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Friday, October 21, 2005

8. Closet Ethics

Ro 8:26-27 "In the same way the Spirit also helps our weakness; for we do not know how to pray as we should, but the Spirit Himself intercedes for us with groanings too deep for words; and He who searches the hearts knows what the mind of the Spirit is, because He intercedes for the saints according to the will of God.”[1]

I've spent the last few days meditating on what this verse says about prayer and I am discovering the more I think about it, the more I appreciate what it says. Understanding this verse follows the fact that Jesus understands what life is like, therefore the Holy Spirit understands and because He understands what life is like, the Spirit knows exactly how to pray. Knowing the Holy Spirit is sent alongside to help (John 14:16) gives great comfort knowing that He is not operating out of omniscient divinity alone, but as one who was fully man-He knows how to help our infirmities! This makes the Lord's Prayer of John 17 much more meaningful-He was doing for the disciples the very thing Ro 8:26 says! Whether we are in suffering, or in hope, He intercedes.

“We would be at an eternal loss if the Holy Spirit did not intercede for us. He understands our sinful frailties and knows that, by our own wisdom, we don’t know how to pray properly for ourselves or how to consistently maintain our walk with the Lord.” [2]

Have you ever been around someone who talks much without saying much? Or perhaps he simply proves over the course of time that he does not know what he is talking about at all? When I read the following verses I am made to realize that perhaps even in prayer, the Holy Spirit keeps us from making fools of ourselves (Mercy!) when we pray about things we really don't understand. “Then the mother of the sons of Zebedee came to Jesus with her sons, bowing down and making a request of Him. And He said to her, “What do you wish?” She said to Him, “Command that in Your kingdom these two sons of mine may sit one on Your right and one on Your left.” But Jesus answered, “You do not know what you are asking. Are you able to drink the cup that I am about to drink?” They said to Him, “We are able.” He said to them, “My cup you shall drink; but to sit on My right and on My left, this is not Mine to give, but it is for those for whom it has been prepared by My Father.” (John 20:20-23) [3]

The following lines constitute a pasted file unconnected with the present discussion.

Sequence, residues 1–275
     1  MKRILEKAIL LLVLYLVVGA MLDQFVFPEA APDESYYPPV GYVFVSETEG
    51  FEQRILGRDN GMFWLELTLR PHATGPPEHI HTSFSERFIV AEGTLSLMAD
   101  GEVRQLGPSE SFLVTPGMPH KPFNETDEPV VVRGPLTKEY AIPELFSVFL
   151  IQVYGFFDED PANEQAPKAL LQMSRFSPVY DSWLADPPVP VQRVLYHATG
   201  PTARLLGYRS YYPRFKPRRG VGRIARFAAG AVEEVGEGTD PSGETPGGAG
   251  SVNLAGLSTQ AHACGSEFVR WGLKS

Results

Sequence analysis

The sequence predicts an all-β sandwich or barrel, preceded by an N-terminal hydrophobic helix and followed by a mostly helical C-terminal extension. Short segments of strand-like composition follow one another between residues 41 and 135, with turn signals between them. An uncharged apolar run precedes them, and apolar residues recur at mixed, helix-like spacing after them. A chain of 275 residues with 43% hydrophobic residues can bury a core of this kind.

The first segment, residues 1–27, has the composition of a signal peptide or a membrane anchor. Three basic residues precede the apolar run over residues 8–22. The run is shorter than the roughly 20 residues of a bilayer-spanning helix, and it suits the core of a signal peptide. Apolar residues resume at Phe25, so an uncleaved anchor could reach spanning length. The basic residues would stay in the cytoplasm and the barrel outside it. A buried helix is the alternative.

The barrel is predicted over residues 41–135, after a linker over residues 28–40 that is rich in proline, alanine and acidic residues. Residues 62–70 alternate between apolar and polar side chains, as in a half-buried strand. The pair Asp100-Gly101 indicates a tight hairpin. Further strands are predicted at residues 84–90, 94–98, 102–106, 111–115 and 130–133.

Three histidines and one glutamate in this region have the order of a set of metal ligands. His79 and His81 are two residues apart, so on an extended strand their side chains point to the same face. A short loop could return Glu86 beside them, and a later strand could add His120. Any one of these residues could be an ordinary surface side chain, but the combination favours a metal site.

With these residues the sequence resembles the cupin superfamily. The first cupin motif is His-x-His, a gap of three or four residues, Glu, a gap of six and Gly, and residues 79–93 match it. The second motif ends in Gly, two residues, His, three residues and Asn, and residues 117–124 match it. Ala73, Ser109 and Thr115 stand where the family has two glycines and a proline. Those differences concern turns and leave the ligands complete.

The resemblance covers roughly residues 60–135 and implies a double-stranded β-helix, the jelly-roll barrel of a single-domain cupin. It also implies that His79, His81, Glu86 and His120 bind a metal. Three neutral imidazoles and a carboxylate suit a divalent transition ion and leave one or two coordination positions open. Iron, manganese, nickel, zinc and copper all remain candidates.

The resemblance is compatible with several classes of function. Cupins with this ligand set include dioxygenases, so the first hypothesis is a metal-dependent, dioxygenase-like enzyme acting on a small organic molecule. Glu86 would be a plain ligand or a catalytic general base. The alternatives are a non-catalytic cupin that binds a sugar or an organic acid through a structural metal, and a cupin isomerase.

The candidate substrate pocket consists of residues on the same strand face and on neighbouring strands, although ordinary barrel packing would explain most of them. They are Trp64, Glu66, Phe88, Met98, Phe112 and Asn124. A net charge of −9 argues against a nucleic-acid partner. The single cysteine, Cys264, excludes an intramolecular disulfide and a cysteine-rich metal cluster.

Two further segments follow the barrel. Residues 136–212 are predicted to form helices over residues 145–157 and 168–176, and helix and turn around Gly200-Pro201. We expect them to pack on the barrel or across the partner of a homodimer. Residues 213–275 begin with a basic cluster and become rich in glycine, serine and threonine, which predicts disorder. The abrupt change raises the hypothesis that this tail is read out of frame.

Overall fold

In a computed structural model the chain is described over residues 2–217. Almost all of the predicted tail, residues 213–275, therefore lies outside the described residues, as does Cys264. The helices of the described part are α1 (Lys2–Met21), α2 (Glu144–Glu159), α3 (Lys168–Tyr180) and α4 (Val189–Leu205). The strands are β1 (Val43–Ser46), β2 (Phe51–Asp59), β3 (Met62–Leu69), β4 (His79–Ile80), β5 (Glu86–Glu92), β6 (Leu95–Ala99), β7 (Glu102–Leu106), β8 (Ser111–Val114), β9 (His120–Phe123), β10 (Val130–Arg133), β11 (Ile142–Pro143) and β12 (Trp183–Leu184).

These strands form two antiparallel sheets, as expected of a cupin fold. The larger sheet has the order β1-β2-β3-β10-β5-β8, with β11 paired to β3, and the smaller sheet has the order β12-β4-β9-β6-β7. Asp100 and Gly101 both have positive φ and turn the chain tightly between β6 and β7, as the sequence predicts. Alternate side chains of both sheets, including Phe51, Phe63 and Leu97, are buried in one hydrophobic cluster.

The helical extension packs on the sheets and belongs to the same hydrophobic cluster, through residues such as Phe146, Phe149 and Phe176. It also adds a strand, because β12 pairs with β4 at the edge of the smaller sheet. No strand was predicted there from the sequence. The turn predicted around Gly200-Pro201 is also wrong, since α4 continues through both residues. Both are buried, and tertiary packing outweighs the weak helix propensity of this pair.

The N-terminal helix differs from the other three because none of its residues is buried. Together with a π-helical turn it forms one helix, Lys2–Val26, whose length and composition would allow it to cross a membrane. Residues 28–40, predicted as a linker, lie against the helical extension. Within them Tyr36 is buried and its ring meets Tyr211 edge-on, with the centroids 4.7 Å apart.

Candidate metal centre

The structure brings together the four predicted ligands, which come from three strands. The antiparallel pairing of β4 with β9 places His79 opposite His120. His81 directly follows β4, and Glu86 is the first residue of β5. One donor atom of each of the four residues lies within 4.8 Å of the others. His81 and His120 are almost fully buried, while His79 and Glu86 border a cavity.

Think of it. Going to Jesus and saying something to which he responds, “you do not know what you are asking.” [insert “wince” here]. I would hate to think of the times I've prayed in arrogance and the Holy Spirit stepped alongside to help me out in ways I could never imagine (grace!). Paul has been inspired to write what, in effect, we now hear twice from Jesus: we don’t know how to pray. We don’t know how to ask for the things we don’t know what to ask for. The Holy Spirit makes talking to God possible. The implication is that we don’t know what prayer is—we don’t fully understand how to use it. It is the Holy Spirit HIMSELF who urges us to pray, who guides our prayer, makes prayer possible, regulates and purifies our requests, “as the interpreter of the mind of God. Thus, the Holy Spirit is the arbiter, director, and interpreter of all our wishes.”[4]

Consider too: “Although the intercessory work of Christ, the great High Priest in the order of Melchizedek, is well known to most (Heb 7:17, 25), we sometimes forget that the Holy Spirit also pleads our case. In our perplexity about what we ought to pray for, the Spirit joins us in prayer and intercedes on our behalf with a level of fervor that far surpasses our own. We are strengthened in our suffering by realizing that not only does the Spirit pray for us but that God understands his prayers completely and can answer them because they are always in accordance with his will (Rom 8:27). Our second source of help is the realization that “in all things God works for the good of those who love him” (8:28).”[5]

But what does He say? What words does He use? There has been a progression of this “groaning” idea through this chapter in Romans, from a general or collective groan based on a shared experience (“For we know that the whole creation groans and suffers the pains of childbirth together until now.” [6]) down to a more individualized sigh or murmur (“And not only this, but also we ourselves, having the first fruits of the Spirit, even we ourselves groan within ourselves, waiting eagerly for our adoption as sons, the redemption of our body.” [7]) to this very specific sigh or groaning on behalf of someone else (“the Spirit Himself intercedes for us with groanings too deep for words.”).